The Locavore's Dilemma
In recent years many environmentalists have fixated on the notion of eating as close to home as possible. There are plenty of good reasons for doing so: preserving agricultural open space, supporting family farms, and keeping regional food traditions alive, to name a few. However, one of the most widely cited reasons--reducing greenhouse-gas emissions associated with transporting the food to market, sometimes known as "food miles"--may be greatly overstated.
According to a new study be Christopher Weber and H. Scott Matthews in Environmental Science and Technology, a much larger source of greenhouse emissions is the production phase--the fertilizers, feed, and other inputs it takes to produce the food. This accounts for 83 percent of the average U.S. household's carbon footprint for food consumption.
Transportation as a whole represents only 11% of life-cycle GHG emissions, and final delivery from producer to retail contributes only 4%. . . . [F]or the average American household, "buying local" could achieve, at maximum, around a 4-5% reduction in GHG emissions due to large sources of both CO2 and non-CO2 emissions in the production of food."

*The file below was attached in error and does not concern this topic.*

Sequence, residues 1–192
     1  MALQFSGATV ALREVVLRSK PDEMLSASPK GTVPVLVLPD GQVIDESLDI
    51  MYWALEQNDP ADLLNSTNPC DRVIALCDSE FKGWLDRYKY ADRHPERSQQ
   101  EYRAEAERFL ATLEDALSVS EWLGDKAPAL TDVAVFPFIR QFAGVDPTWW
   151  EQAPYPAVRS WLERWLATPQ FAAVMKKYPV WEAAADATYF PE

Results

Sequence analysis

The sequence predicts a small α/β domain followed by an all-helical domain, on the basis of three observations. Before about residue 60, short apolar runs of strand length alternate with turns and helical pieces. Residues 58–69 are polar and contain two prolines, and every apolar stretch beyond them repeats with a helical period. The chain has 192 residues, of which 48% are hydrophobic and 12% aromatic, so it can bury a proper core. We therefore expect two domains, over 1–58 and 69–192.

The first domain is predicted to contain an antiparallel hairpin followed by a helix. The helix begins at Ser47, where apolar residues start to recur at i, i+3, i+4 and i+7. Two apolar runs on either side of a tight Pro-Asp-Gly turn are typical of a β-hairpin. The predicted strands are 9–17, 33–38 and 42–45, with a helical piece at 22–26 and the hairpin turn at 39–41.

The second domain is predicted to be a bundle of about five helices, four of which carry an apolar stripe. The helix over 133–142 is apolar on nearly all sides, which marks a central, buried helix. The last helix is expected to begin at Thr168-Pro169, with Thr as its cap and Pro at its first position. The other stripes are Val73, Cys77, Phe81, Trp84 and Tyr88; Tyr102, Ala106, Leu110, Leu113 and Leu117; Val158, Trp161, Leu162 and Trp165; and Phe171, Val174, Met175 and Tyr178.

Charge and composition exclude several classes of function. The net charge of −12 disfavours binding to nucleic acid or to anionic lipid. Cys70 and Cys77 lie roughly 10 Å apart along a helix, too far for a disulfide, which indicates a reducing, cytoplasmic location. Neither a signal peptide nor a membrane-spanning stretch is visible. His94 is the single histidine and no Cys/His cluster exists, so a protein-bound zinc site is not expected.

Sounds like bad news, right? Despair not! According to the authors' lifecycle analyses, it's far more important what one eats rather than how close it is:
Shifting less than 1 day per week's (i.e., 1/7 of total calories) consumption of red meat and /or dairy to other protein sources or a vegetable-based diet could have the same climate impact as buying all household food from local providers.
Put in other terms, eating totally local would result in GHG reductions equivalent to driving 1,000 miles less per year, while eschewing red meat for one day would be the same as driving 1,160 miles less. Meatless Monday, here we come!